Who Is Karen Marshall? The Montana GOP Leader "Would Have Shot" This Reporter For Being So Persistent
On a local radio program this week, Montana Republican leader Karen Marshall said that she "would have shot" the reporter who was assaulted by Rep. Greg Gianforte at a campaign event in May. The vice president of programs for Gallatin County Republican Women, reportedly said on the radio show Voices of Montana on Thursday that she was there when Rep. Gianforte allegedly "body slammed" Guardian reporter Ben Jacobs, and she further alleged that the situation was "a set up."
"He just pushed a little too far," Marshall said on the radio program. "If that kid had done to me what he did to Greg, I would have shot him." Montana is a "stand your ground" state, which means that it has fairly loose parameters, relative to other states, for forceful self-defense.
Not all states have stand your ground laws, and those that do are not uniform. One alternative to stand your ground laws, for example, limits the places that force is permissible in self-defense (called the Castle doctrine, which generally requires individuals to be protecting their property before using force). Other similar laws require an attempt to retreat from a situation prior to resorting to physical force.
However, Montana law does not require the person employing force to be on their personally-owned property. They need only be somewhere where they are legally allowed to be. In this case, in theory, that might be the location where Rep. Gianforte's campaign was taking place, for example.
The law, as it's written, is rather clear:
A person who is lawfully in a place or location and who is threatened with bodily injury or loss of life has no duty to retreat from a threat or summon law enforcement assistance prior to using force.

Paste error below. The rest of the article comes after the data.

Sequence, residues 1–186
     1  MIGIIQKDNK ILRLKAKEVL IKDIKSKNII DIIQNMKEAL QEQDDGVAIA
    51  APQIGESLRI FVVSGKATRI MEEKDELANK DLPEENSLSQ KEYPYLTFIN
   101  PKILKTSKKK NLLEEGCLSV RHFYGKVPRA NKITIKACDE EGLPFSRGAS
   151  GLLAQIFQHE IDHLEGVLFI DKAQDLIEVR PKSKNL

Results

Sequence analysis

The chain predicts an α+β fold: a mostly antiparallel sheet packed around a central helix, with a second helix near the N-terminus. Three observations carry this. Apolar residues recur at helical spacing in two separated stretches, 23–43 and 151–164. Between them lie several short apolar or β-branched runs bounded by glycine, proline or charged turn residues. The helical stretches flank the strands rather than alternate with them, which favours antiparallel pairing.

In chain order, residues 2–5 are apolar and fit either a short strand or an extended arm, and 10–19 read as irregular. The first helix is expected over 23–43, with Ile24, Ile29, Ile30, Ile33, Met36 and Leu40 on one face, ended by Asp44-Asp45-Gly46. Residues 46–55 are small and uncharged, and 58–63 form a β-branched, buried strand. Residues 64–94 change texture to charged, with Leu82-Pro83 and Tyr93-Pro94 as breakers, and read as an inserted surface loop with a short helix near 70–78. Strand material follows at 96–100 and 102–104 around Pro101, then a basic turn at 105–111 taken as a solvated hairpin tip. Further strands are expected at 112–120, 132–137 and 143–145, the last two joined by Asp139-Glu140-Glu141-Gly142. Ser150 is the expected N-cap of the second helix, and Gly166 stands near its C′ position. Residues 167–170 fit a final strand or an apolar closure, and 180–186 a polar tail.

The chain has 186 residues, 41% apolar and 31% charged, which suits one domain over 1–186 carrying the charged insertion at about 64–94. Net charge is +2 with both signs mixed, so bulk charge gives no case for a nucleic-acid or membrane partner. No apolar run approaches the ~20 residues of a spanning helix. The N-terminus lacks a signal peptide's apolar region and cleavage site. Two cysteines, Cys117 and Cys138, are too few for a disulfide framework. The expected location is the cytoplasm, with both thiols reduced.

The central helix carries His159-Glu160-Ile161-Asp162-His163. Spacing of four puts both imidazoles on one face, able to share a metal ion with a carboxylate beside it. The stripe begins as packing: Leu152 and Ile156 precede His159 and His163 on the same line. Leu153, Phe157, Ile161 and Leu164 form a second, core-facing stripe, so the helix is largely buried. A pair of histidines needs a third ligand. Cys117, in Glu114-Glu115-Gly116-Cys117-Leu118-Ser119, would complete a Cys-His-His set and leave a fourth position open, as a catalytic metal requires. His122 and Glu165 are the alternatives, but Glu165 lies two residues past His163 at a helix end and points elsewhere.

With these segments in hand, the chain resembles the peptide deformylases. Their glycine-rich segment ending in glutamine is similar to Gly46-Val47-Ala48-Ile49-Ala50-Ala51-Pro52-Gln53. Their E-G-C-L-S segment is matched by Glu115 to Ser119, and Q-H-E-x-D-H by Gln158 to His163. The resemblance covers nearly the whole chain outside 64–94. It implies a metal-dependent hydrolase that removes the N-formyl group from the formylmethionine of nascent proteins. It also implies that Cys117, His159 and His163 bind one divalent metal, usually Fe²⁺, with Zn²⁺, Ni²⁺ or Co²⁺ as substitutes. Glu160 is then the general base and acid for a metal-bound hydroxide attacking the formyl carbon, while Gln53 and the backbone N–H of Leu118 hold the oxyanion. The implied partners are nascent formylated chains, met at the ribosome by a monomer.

Of course, Marshall's comments were hypothetical because she couldn't actually be a stand-in for the representative. Further, the way the law is written makes it appear that she would have had to prove that she felt like she was in serious danger before choosing to shoot a journalist for essentially bothering her. That could be rather difficult to prove, considering that the nature of reporting often requires journalists to repeatedly reach out to sources, sometimes over and over again.
Montana's self-defense laws also do not necessarily make forceful self-defense a free-for-all. As the Associated Press recounts, a Montana man made an unsuccessful claim of the stand your ground argument in 2014 after he fatally shot a teenager who trespassed into his garage. He was, instead, reportedly convicted of "deliberate homicide."
But still, Marshall's comments are alarming for a number of reasons, not the least of those being that a person who works in politics would feel comfortable vouching for potential violence against journalists. Free speech has been an on-going hot-button issue in recent political conversations, and vitriolic attacks on the media have been made with extremely high frequency, especially during the Trump campaign and since President Donald Trump assumed office this year.
Through a spokesperson, Rep. Gianforte told the Helena Independent Record that he "disagrees with [Marshall's] remarks, repudiates them" and is primarily concerned with serving his constituents. Bustle reached out to Marshall, but she was not immediately available for comment.
Marshall's comments are bold beyond reasons related to self-defense laws or conversations about free speech. Practically, they seem odd because Rep. Gianforte was actually charged with a misdemeanor following his assault of Jacobs, and he pleaded guilty to it. He was sentenced to anger management courses and community service. Rep. Gianforte also reportedly paid Jacobs several thousand dollars in restitution.